The British oil tanker "Kurdistan" sinking off the Cape Breton coast
Cape Breton, Nova Scotia
MMA, MP17.16.25, M86.72.5, Canadian Coast Guard
Undeniably the greatest changes in the fishing industry have been the result of the technological revolution. Today, sophisticated navigational systems rely on satellite information fed into onboard computers more powerful than those used to launch the Apollo mission to the Moon in 1969.
Such radical transformation has prompted those who have witnessed the change over the years - from "wide-open" wooden boats to today's antennae-riddled cabins - to ask, paraphrasing the saying, whether you can make a computer technician into a fisherman?
Before the micro-computer age, the only navigational tools at the fisherman's disposal were a compass and wristwatch. A fisherman charted his course by marking how long he traveled at a certain bearing, a technique which could be relied on regardless of the weather and visibility. Even blinded by the most disorienting fog, this simple system could steer a fishermen home so long as the Earth's poles stood still, and time didn't.
He would also rely heavily on landmarks - or watermarks - like breakers, a shoal, a certain buoy. You might even hear some of the older fishermen claim they "just knew" where they were. (They also relied on caution and luck: neither lifejackets nor fire extinguishers were aboard.) Other than compass and wristwatch, a simple innovation in fishing was the "sounding lead" or "lead line." Once 8 or 9 kilometres out, a fishermen could determine the water's depth by "sounding": sinking a greased lead weight, attached to a line, which, when pulled back up would tell him whether the ground was soft (if the lead returned "sandy") or hard (if it came up "dry"). This is to today's technology what the proverbial cans attached by a string are to the Blackberry[TM].
Today, fishermen have an arsenal of computer equipment at their disposal: Global Positioning Systems (GPS), chart plotters, sonar, and other devices used to help a fishermen mark a "hot spot".
The most recent development is a system that brings all these components together under one control operation, giving fishermen the ability to 3-dimensionally map the waters at the bottom, to look at a computer screen onboard and see the ocean floor as the fish see it: every hump, every canyon, every shoal (a sandy elevation of the bottom, constituting the floor of a shallow area); every edge, where the hard ground meets the soft, and where the lobster prefer to congregate. "Virtual" scuba-diving, you might say. You might also say, as more than one fishermen has, "the lobsters don't stand a chance."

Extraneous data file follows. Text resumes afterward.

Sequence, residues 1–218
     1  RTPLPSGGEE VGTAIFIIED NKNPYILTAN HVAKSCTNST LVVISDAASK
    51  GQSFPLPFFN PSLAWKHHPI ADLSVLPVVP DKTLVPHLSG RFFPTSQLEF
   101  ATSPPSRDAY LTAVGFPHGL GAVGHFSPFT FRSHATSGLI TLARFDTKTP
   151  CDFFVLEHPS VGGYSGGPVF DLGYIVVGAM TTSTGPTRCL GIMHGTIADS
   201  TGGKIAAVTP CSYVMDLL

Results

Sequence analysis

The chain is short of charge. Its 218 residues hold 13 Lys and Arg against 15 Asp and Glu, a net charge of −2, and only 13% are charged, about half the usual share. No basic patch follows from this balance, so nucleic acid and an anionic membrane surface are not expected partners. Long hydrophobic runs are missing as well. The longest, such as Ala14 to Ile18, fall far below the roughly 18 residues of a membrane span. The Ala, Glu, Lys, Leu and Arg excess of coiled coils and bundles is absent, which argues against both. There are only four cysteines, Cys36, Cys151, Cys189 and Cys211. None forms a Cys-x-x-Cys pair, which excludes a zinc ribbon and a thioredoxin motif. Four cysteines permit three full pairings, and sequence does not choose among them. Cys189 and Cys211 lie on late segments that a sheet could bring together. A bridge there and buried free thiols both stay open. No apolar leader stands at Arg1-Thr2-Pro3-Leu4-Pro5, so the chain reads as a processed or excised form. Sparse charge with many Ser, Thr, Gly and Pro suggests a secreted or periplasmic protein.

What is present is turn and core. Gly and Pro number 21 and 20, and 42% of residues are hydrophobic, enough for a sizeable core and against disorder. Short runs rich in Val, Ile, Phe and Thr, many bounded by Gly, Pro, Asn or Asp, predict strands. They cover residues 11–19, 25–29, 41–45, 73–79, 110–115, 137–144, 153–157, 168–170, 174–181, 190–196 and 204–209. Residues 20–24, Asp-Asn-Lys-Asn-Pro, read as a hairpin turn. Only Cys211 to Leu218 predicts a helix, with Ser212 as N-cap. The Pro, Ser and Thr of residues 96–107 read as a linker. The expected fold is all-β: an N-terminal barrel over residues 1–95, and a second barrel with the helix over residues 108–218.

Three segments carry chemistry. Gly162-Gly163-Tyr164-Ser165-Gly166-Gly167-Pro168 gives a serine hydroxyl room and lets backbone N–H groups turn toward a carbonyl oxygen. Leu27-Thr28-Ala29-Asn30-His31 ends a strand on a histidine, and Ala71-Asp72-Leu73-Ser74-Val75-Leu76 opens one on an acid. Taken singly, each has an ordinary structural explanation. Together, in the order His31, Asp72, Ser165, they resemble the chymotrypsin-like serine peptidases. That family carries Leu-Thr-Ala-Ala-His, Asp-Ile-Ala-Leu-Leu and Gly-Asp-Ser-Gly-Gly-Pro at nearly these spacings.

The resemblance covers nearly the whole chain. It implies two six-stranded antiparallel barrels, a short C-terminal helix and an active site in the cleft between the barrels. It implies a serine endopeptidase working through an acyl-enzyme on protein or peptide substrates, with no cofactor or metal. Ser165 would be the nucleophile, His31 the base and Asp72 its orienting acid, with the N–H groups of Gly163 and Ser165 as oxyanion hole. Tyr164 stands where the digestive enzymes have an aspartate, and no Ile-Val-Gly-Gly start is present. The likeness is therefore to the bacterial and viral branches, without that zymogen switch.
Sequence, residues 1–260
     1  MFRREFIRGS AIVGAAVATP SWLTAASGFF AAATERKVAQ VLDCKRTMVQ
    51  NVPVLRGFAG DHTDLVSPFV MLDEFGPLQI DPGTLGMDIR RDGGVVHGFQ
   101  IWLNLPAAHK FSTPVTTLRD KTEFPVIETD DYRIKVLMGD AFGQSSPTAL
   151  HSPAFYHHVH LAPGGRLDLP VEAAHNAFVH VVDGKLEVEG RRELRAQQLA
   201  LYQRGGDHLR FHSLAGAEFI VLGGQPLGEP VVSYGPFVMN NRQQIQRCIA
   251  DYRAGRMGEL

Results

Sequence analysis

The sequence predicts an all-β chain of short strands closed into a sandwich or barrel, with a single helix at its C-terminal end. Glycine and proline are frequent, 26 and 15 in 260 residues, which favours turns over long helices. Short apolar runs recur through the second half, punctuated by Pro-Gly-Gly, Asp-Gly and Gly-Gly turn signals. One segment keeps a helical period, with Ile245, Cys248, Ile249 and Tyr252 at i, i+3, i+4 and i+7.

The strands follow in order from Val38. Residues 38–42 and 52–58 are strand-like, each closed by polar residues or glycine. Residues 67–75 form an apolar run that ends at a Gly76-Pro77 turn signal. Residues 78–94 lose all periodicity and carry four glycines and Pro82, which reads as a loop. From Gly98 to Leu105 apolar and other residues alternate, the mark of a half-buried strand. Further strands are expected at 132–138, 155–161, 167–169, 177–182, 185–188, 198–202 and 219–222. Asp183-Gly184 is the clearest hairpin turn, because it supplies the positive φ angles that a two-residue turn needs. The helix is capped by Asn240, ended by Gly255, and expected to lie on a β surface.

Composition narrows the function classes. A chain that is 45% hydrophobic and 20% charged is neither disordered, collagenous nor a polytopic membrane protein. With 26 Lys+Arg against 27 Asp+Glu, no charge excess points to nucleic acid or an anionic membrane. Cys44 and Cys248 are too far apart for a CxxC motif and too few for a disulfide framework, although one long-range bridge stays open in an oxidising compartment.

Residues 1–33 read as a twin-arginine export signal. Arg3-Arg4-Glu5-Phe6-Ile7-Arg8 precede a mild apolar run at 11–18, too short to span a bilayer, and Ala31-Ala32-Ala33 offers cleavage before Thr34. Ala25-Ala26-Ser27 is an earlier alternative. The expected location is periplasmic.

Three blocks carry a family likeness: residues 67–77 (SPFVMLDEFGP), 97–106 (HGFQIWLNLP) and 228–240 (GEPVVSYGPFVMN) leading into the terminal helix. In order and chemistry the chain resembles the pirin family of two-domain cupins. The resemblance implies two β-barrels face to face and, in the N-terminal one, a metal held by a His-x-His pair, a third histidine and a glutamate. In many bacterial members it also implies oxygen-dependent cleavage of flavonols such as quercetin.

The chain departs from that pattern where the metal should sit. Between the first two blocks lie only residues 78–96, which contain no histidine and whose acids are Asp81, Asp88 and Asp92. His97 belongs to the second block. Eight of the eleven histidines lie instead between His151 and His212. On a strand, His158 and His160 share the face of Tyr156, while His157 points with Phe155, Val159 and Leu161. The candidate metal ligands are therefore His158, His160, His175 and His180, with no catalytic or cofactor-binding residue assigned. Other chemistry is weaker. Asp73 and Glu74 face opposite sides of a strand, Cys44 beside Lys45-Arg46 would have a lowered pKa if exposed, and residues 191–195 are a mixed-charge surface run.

All the technology in the world didn't stop the 1979 sinking of a British oil tanker, the Kurdistan, which broke apart in the Cabot Straight, spilling 7000 tons of oil into the ice-filled waters near the Cape Breton shoreline. Shortly thereafter, in the mid-80s, the lobster fishery saw a significant expansion; "explosion" by some accounts. While it doubled in some areas, the area of which Main-à-Dieu is a part (Area 27, from Cape North, around Bay St. Lawrence, to Fourshu/Gabarus Line, past Gayan Island) saw a total quadrupling of its stocks in the forty years leading up to the early nineties. Some claimed the stunning increase was the result of the tanker spill. Lobsters, after all, are attracted to "oily" food! "I once caught a lobster with a heavily buttered bun," says a fisherman, without ruling out fluke. (What he does rule out is that if the lobster fishery were ever seriously threatened, that the Fishermen's Association would just sink an oil tanker offshore.) What's more likely, though, he says, is that the black crude absorbed the heat from the sun, warming the surrounding waters to conditions just right for a lobster boom.